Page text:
Provo River (and Surrounding Area) Fishing Report Late July

jim oneal with another nice utah brown trout

Jim with another nice Utah brown trout. Photo taken 7/27/2017.

I think we can finally stop talking about the high flow in the Provo River this year.

Yes, it is still higher than normal and it is definitely colder than normal this time of year, but the flow in the Middle Provo River flow has been nearly constant in the 500 cfs range for a week now.

And the Lower Provo was finally dropped to about 450 cfs, but I see it is back up to 545 cfs this morning.

The Lower Provo has been fishing more consistently, but the Middle has been producing some nice fish on top, especially just before dark.

We spent more time this week on other rivers, but have good information for the Provo River from our friend Rod.

He caught fish in the morning on the Middle Provo (you guessed it) bouncing sow bugs.

He also caught fish on top with a giant stimulator (elk hair caddis) during the day and on dark caddis mimics and black ants before dark. For those that don’t tie their own flies, try a Renegade.

Another fisherman told us he was able to catch fish by skating caddis on top of the water, but we didn’t personally see the fish; only heard the fish story.

Want to go fly fishing with us or would you like to get some fly fishing instruction? Schedule a guided fly fishing trip or a fly fishing lesson – Learn More.

Fishing Other Tailwaters in our Area

We fished other streams this week (both tailwaters and natural streams) and this is what we found (information also relevant for the Provo River).

We bounced sow bugs in the tail waters (early morning) but fishing was slow because there was no hatch early. Then a sparse PMD (Pale Morning Dun) mayfly hatch started about noon and the trout got more active. Why? Because the relatively cold 52°F water warms just up a bit under the hot midday sun and produces a sparse hatch.

With the hatch, fish become more alert and look for food and so we have a better chance they will come to artificial flies. The fly needs to be a pattern they will accept, like a sow bug, PMD nymph, PMD emerger, or in contrast try a big grass hopper.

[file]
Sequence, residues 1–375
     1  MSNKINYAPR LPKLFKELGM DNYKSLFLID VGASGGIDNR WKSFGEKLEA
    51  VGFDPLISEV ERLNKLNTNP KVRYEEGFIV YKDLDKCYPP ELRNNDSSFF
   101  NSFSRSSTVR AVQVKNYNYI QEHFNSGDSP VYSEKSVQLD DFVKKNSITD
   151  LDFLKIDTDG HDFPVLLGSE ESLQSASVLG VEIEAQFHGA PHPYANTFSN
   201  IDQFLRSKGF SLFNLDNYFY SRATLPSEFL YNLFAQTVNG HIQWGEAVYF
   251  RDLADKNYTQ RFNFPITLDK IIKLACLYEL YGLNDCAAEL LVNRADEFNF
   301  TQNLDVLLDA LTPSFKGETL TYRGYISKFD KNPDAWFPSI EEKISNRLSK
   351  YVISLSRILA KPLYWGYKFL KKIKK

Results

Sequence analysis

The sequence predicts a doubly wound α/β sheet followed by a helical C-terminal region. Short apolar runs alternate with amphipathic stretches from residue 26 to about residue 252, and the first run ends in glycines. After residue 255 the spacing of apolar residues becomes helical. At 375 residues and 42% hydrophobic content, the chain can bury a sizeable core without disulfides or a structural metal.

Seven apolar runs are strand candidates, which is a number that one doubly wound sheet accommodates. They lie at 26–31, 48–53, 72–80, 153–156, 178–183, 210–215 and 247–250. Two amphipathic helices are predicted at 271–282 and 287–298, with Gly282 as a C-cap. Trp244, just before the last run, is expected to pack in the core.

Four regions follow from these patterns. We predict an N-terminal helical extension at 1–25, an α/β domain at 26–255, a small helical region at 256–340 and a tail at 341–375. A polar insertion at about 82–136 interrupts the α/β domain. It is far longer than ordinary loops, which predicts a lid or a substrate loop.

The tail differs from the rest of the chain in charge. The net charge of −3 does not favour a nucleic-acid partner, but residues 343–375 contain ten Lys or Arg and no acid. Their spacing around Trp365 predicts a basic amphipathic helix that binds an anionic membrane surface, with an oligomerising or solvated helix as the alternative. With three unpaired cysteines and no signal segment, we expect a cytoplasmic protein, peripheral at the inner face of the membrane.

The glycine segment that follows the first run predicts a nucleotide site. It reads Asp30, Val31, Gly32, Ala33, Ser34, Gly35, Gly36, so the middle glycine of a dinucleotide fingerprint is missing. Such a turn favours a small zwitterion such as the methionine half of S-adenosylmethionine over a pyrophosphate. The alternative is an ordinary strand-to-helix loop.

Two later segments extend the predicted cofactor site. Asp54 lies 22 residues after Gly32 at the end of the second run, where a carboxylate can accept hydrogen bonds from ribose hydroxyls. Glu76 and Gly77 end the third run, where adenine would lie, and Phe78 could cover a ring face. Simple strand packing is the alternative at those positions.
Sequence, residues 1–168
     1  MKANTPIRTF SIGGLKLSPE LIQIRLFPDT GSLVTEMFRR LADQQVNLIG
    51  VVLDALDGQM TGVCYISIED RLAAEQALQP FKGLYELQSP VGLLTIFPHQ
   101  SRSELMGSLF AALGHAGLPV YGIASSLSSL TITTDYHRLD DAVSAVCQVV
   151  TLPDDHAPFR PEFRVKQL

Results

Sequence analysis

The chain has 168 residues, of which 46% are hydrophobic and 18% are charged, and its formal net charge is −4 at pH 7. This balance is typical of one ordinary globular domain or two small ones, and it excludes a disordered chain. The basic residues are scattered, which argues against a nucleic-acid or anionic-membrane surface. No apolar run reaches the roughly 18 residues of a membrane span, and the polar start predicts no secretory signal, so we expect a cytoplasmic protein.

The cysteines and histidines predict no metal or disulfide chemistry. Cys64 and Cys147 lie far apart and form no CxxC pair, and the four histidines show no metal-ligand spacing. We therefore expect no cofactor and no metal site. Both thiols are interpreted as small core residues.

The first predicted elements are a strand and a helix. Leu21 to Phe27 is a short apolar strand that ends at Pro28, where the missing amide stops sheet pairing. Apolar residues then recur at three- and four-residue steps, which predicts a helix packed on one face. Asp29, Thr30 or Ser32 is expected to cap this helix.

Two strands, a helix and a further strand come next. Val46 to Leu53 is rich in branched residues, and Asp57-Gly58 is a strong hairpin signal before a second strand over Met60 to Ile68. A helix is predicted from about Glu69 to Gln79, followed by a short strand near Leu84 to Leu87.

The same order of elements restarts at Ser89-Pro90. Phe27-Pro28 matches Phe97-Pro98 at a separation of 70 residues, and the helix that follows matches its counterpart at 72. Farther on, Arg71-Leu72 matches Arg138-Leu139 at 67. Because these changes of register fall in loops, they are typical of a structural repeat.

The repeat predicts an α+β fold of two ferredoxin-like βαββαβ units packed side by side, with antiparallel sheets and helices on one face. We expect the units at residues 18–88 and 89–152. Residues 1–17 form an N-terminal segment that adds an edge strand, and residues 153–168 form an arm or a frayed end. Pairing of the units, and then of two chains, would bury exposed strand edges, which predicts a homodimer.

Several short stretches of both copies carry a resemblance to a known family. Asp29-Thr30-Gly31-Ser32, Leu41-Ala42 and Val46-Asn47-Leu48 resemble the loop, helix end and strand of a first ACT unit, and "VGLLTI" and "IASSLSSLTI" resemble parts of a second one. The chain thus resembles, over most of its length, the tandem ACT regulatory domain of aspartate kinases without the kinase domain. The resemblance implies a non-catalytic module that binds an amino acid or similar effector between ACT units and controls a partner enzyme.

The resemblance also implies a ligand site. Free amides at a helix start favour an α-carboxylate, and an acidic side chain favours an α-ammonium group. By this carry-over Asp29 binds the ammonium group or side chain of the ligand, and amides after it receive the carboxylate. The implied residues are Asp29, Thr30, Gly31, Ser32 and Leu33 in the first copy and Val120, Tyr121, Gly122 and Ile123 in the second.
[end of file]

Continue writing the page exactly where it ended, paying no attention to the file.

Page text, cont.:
Note that we mentioned the PMD hatch, but haven’t talked about fishing PMD dry flies yet. If the trout are actively coming up to feed on PMDs, then it should be obvious to fish the surface with PMDs, but an emerger pattern usually works better. Yes, it’s more difficult to fish correctly, but the extra effort pays off in more hook-ups and fewer refusals.

Fishing Natural Steams

In the natural streams most of the big hatches are over now. Daytime fishing is best with patterns like ants, beetle, hoppers, etc. In the deeper pools, try a very small worm pattern, not because worms are being washed into the water, but because types of aquatic worms live there.

More land insects tend to fall into the stream during hot windy times; that’s the best situation to fish drys in the smaller streams. It would seem that evening or early morning with low light intensity would be a better time, but unless there’s a caddis hatch, the fishing gets tough.

Small Streams Vs. Large Streams

Wild trout get spooky at low light in the confined the spaces of little creeks (that’s when mink look for dinner). In bigger water (like the Provo), trout actually become less cautious and are looking up for food. Try skating a caddis imitation, drifting a caddis emerger, or swinging a soft hackle (this is a good option when it it too dark to see your fly).

Also remember that fish in small streams are very wild and you will have to approach in stealth mode. Fish in heavily fished waters like the Provo are not as afraid of people. They see people all the time, but you better believe they are well educated about artificial flies. It takes proper technique to fool these fish into biting a fly. In contrast, wild fish on smaller streams may have never seen an artificial fly, so they may jump on anything you can present to them (providing you don’t spook them).

The Tippet Material Size Trade-Off

There is always a trade-off when we choose which tippet to use. Lightweight tippet (6X) will get more hits, but then there is little chance to land big fish. We lost (broke off) some very big fish (big meaning 24 inches) this week on 5X tippet, but landed fish as big as 22 inches on 3X.

Rod had several nice fish break off using 5X on the Middle Provo, including one last night that got downstream from him in fast water. That size tippet is usually a good balance on the Provo because the fish are leader shy and 5X can hold the average fish.

Hope to see everyone at the Heber Valley Fly Fishing Festival August 11 -12 at Hamlet Park in Midway (just uphill from the Legacy Bridge).

Fishing Report provided by Jim O’Neal &

Watch our fly fishing videos here at Jim’s You Tube site.

Our Newest Video – Brown Trout Too Big for the Net

Click Here to see Newest Provo River Fishing Report

Comments, Opinions, Questions?